As reported by The Hartford Courant, July 4, 2006.

Elderly's Complaints of 'Aches And Pains' May Indicate Depression

By Kathleen Megan

Lately, Pearl hasn't been volunteering to do as much at the Simsbury Senior Center. Her knee has been bothering her, and she has an irritating skin condition that is worse in the hot weather.

She's been feeling frustrated with not being able to do everything she wants to do. And sometimes Pearl, who asked that her real name not be used, feels as if "it takes longer and longer to do less and less."

Rickie Bergquist, director of the senior center, noticed the change in Pearl right away and talked to her about it.

Over the years, Bergquist has learned to pay attention to changes such as increased sadness or withdrawal or irritability. Although years ago people may have seen such behavior as normal for elderly people, she knows they could be signs of a treatable case of clinical depression or anxiety.

"I know for a fact there have been four people I've been able to help because I pointed them in the right direction," said Bergquist. "I knew something was wrong, but I couldn't put my finger on it."

Pearl, who is 80, said she appreciates Bergquist's concern and will pursue help if she thinks she needs it. "I'm not sure I'm as depressed as people think I am," said Pearl.

Geriatric specialists say that depression is often overlooked in older adults. Only one in six elderly people with clinical depression gets diagnosed and treated for the illness, according to a study by the National Institute of Mental Health.

Even when patients turn up in their primary care physician's office, depression is missed in about half the cases, according to Dr. Charles Reynolds, a professor of geriatric psychiatry at the University of Pittsburgh Medical Center. That's because they often come in complaining of aches and pains.

"Patients may lack the appropriate vocabulary to express sadness," said Reynolds. "Although they may be in emotional distress, it may be expressed in the idiom of physical complaints. It may not be understood as a form of masked depression."

It may be true that the patient does have a backache, but the core illness - depression - may go unidentified. Often, declines in memory have more to do with depression than with cognitive problems. Dr. Harry Morgan, a geriatric psychiatrist in Glastonbury, said that a person with mild cognitive impairment - a kind of pre-Alzheimer's condition - can appear to have dementia if she or he is also depressed. However, once the depression is treated, the person returns to the milder condition.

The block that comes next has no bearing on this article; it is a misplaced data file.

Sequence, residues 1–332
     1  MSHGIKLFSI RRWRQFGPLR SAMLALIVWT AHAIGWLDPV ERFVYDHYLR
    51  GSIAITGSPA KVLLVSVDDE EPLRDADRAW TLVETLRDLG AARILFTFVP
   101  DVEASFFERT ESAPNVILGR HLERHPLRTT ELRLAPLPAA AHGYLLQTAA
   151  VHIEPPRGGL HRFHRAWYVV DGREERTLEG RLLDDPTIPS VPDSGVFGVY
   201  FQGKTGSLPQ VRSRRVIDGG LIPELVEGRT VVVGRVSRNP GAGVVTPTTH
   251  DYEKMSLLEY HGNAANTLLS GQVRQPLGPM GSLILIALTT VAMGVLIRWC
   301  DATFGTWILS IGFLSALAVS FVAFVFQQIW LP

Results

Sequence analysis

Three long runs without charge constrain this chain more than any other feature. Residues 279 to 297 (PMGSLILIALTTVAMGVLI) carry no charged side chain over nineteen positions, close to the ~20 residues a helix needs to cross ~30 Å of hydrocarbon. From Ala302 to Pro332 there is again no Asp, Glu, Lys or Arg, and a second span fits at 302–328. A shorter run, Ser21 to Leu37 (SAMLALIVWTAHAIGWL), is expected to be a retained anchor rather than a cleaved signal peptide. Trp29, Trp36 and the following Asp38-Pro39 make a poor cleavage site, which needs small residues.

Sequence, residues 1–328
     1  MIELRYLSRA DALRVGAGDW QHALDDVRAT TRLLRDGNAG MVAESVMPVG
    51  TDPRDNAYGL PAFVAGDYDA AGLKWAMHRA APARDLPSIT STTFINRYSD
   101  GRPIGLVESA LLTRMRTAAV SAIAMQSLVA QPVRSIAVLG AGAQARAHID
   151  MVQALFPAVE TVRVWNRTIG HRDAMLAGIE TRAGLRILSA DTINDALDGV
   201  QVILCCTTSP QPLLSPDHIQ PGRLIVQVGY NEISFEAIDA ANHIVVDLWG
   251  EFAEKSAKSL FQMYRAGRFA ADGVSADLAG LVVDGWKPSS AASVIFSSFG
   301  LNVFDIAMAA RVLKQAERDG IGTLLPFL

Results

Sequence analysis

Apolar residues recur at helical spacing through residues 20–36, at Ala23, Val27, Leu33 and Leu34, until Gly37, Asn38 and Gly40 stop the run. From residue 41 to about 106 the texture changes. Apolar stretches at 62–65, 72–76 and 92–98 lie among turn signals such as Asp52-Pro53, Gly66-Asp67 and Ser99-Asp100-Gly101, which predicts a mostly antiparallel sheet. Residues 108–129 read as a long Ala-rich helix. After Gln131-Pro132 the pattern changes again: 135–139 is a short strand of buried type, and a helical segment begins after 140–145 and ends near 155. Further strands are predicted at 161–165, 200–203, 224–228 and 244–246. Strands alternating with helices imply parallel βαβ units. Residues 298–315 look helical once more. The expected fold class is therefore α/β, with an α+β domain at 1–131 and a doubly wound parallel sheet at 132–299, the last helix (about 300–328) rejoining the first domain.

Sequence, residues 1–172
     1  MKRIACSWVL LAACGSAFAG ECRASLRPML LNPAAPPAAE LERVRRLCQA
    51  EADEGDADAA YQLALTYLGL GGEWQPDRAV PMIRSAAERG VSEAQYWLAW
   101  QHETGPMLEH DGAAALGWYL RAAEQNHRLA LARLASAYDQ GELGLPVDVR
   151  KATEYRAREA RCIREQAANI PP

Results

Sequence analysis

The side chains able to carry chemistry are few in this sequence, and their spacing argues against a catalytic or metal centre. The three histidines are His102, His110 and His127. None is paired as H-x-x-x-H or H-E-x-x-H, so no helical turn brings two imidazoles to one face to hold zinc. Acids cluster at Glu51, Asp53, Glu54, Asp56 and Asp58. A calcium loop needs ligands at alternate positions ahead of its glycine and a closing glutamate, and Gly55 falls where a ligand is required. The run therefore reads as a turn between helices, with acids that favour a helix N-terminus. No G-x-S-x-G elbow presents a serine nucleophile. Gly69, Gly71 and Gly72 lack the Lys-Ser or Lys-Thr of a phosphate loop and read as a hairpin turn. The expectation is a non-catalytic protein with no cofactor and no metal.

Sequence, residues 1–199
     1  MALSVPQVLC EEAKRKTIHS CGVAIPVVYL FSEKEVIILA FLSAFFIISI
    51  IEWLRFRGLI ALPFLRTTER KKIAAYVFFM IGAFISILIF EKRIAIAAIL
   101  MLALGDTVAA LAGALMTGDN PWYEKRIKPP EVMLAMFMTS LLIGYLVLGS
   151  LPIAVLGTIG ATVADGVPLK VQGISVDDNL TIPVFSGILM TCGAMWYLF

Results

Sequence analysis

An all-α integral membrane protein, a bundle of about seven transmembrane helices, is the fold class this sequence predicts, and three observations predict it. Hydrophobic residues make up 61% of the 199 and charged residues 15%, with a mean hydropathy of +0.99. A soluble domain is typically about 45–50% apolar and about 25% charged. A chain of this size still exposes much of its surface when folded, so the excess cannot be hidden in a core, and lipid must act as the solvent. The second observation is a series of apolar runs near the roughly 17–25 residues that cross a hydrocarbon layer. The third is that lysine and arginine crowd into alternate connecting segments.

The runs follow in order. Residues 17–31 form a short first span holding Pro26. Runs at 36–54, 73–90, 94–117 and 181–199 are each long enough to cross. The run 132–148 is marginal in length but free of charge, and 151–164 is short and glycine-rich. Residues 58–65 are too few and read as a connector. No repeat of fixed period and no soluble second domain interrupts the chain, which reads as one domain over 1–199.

Depression is also missed simply because there is an assumption that if an older person has lost a loved one or a house, or suffers from an illness or disability, depression is a normal response.

Morgan said that in this situation, patients are apt to say, "if you were in my shoes, you'd be depressed too." Many people have the misconception that older people can't be helped. This, of course, isn't the case, he said. Usually, a few weeks into treatment, a patient may still have some sadness but will also begin to resume old activities: watching TV or meeting friends at the senior center.

While the percentage of elderly people who are depressed doesn't vary much from other age groups, the prevalence of depression in certain settings is definitely higher.

Reynolds said that while 6 percent to 10 percent of elderly people overall are depressed, the rate is 20 percent of elderly people in hospitals and between 25 percent and 33 percent of people in nursing homes.

In a study two years ago of 634 adults living in low-income senior housing in Hartford, 38 percent had symptoms of clinical depression, 28 percent had major depression and 14 percent had generalized anxiety disorder, according to Julie Robison, an assistant professor of medicine at the University of Connecticut Health Center.

Why are the rates in senior housing so high? Robison, who worked on the study, said she's not sure, but that many residents have complex problems, including health troubles, difficulties with adult children and limited resources.

Without treatment, a good many elderly people can become so depressed they commit suicide. This is particularly true of elderly white men, who kill themselves at a rate six times that of the general population - 66 to 80 suicides per 100,000.

"When it comes to suicide, we think of the young people," said Dr. George Kuchel, director of the Center on Aging at the University of Connecticut Health Center. "But there are far more gestures than successful attempts. With elderly men, there are very few gestures. Instead, we see successful suicides."

Treatment for depression must take into account a person's biological and medical needs, psychological concerns and the support available from family and community.

In addition, a geriatrician must have deep knowledge of many physical illnesses and medications so as to know about side effects and interactions. In some cases, depression can actually be brought on by certain medications or illnesses.

"People who like very simple cases will not like geriatric care," said Morgan.

Experts say 75 percent to 80 percent of older people will get better with treatment that combines medication and talk therapy. Morgan said that about 65 percent get better with medication alone, while 60 percent get better with psychotherapy alone. Interestingly, he said, for the oldest, most frail patients, talk therapy is most effective, possibly because they have been very isolated.

However, Morgan also likes to tell the story of a treatment that humbled him. He had a patient for whom he had prescribed medication. When she returned a few weeks later, she was all smiles and Morgan thought the medicine must have helped.

"Doctor I never took the medicine," his patient told him. "My son bought me a dog."

Said Morgan, "It's many things that get people better."